Over the past few days there have been a number of news-worthy items which I considered posting about. Every time such an item cropped up I debated with myself, whether I should set aside the post I’m already working on in order to write something else, but eventually I came across pieces by other authors who had already said the things I had to say, quite often in much better words. So I’ve been posting links and short updates on the blog’s Facebook page about the rockets that the Palestinians have been firing from Gaza despite the ongoing “peace talks”, about the 26 murderers whom we released this week, making a mockery of our legal system and opening the wounds of the bereaved families of their victims, about the wounded Syrian children who are being treated in Israeli hospitals. I don’t like to repeat things that have already been said. I feel that having a blog is a bit pointless if I’m only going to parrot other people’s words and ideas, so if someone else has already said it and said it well, by all means, go ahead and read their words.
But tonight I feel that I have something to say which takes precedence over my other pending posts.
The object of “The Wizard of .il” is to show the more positive sides of Israel which usually don’t get voiced over the international media. The media shows conflict and war. Peace is an absence of occurrences and is therefore not newsworthy. The result is that readers overseas often view Israel through one prism only- the Israeli-Arab conflict. It’s quite frustrating to be viewed as a land of generals and tanks and fighter planes and Krav Maga and Mossad agents and exploding buses and missiles from Gaza when there is so much more to your country which just isn’t shown because it isn’t “newsworthy” and doesn’t include any “action”. So I took it upon myself to write about the other stuff. True, I also write about the conflict, but it’s always been about the other stuff, about the positive.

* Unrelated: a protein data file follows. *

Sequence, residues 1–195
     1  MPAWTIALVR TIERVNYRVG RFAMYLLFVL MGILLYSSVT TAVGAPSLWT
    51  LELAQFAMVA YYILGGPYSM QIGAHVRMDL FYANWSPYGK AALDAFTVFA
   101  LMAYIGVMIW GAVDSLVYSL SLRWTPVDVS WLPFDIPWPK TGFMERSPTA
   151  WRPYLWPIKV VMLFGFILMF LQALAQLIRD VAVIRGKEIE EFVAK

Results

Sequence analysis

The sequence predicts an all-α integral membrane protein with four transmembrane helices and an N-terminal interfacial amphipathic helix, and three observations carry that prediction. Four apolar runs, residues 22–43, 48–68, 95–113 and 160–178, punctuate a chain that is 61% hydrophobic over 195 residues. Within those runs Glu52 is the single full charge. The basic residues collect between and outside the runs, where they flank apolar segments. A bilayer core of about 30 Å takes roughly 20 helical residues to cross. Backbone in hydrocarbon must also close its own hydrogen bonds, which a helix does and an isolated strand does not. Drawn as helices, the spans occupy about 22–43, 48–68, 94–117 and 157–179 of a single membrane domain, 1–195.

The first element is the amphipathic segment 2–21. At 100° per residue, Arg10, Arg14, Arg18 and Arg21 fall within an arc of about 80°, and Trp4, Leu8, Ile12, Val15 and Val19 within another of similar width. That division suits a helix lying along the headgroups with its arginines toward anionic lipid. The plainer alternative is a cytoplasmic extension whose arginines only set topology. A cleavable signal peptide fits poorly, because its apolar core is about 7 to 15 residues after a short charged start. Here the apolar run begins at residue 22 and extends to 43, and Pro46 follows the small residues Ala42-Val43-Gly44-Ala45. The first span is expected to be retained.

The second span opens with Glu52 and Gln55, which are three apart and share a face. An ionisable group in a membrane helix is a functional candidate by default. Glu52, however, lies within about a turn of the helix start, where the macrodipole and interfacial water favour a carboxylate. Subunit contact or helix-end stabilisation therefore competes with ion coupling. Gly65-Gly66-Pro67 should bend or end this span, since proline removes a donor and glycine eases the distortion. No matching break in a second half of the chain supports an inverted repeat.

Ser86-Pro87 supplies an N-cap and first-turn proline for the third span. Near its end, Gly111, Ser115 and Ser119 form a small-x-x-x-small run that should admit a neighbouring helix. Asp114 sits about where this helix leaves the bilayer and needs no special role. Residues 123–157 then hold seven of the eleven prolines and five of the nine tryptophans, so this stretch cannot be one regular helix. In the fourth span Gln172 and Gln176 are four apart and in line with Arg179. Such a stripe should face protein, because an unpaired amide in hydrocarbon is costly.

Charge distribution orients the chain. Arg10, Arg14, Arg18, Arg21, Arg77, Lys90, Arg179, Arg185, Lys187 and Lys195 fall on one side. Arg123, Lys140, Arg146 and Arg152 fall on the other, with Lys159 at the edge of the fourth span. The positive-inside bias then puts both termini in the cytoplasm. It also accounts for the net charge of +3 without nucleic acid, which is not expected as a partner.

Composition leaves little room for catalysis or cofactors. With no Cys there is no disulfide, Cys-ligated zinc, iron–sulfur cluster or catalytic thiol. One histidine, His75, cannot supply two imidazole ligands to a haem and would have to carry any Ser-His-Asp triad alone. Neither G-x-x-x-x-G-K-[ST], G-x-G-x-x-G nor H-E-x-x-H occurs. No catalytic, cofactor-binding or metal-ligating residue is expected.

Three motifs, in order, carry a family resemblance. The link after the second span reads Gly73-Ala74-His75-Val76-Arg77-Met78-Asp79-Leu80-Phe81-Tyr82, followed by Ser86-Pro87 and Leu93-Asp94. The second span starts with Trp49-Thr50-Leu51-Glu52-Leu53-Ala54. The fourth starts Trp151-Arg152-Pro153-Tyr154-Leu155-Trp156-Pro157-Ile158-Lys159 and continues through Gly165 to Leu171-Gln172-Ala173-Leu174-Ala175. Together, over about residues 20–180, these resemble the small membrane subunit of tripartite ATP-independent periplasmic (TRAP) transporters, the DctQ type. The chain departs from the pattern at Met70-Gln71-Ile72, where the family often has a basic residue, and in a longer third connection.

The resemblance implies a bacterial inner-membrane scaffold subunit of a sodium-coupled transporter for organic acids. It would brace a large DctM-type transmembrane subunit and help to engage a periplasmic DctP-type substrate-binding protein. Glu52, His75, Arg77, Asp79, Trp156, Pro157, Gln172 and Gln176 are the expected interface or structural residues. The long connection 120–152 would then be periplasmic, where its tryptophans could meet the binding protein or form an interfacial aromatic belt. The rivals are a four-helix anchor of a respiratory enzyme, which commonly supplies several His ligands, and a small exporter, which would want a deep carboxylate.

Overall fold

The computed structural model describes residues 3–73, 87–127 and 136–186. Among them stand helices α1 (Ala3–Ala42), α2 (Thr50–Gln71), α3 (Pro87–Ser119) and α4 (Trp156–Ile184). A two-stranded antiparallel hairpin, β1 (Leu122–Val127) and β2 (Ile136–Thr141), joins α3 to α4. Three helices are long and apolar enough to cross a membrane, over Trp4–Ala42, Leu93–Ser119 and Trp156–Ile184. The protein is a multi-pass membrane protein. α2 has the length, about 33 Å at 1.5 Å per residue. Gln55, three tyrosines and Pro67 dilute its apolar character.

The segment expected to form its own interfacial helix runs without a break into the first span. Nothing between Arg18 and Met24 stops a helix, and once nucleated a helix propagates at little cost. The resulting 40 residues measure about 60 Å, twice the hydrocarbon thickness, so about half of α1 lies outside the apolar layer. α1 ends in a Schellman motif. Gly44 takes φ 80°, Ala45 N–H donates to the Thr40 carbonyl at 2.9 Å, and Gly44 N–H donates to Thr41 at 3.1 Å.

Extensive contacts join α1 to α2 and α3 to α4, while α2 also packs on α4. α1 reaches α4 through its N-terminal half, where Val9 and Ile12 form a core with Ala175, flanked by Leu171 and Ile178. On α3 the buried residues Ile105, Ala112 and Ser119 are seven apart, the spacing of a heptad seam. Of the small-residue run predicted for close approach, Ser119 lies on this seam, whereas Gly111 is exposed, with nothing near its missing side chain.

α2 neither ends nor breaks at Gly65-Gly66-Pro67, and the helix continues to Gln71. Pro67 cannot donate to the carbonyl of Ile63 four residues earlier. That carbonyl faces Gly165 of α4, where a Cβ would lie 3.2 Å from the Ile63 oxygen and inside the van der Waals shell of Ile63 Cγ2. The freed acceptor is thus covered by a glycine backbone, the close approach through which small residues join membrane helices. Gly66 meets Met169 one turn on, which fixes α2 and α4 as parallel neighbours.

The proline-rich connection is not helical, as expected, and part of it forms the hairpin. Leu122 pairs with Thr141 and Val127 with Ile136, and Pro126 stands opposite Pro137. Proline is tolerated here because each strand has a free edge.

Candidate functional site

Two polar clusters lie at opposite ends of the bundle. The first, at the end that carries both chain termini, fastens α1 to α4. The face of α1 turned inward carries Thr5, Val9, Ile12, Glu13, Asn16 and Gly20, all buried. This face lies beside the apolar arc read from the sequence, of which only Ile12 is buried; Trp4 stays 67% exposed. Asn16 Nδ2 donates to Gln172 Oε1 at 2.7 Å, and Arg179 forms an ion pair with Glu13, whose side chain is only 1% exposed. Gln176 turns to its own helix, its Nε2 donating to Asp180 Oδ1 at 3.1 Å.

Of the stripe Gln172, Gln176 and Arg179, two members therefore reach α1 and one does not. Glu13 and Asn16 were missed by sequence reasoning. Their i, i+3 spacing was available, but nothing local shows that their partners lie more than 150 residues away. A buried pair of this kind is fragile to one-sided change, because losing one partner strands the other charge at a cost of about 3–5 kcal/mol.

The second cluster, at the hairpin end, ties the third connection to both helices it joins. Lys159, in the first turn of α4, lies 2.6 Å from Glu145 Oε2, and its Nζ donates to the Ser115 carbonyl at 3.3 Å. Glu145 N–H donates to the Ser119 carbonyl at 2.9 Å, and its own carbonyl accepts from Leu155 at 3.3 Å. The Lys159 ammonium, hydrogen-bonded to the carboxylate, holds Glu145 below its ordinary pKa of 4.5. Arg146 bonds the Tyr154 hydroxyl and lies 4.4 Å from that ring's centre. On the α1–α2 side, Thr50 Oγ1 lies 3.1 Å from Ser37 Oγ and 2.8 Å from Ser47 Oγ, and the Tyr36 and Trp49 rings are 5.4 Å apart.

That is why I am slightly hesitant to write this post. What I’m about to write isn’t good or positive and it definitely doesn’t show Israelis’ good side. But I think that it has to be written and that it would be dishonest to ignore it.
A bomb blew up in Beirut, Lebanon, this afternoon. At least 20 people were killed and 120 were wounded. The explosion occurred in the southern Dahia neighborhood, known as a stronghold of the Shiite terrorist organization Hizballah. Even though it is likely that the targets of the attack were Hizballah terrorists, it is safe to assume that a large number of innocents were killed and wounded as well.
I’ll take into account that not unlike most Israelis, overseas readers are also not very involved in the latest news from Lebanon, so I’ll sum it up (I’m aware that in this summary I’m actually doing to Lebanon the exact thing that I complained about being done to Israel- focusing on the conflict. Obviously, there is a lot more to Lebanon than the information relevant to this post, but I’ll leave that to Lebanese bloggers):
Lebanon is a country split along sectarian lines. There are many sectarian groups living not-so-harmoniously together. The result is that Lebanon has spent a significant portion of its history in civil war (1975-1990). Today, the leadership positions in the country are handed out according to sect. The President must be a Maronite Christian. The head of the military is also a Christian. The Prime Minister is always a Sunni Muslim, etc.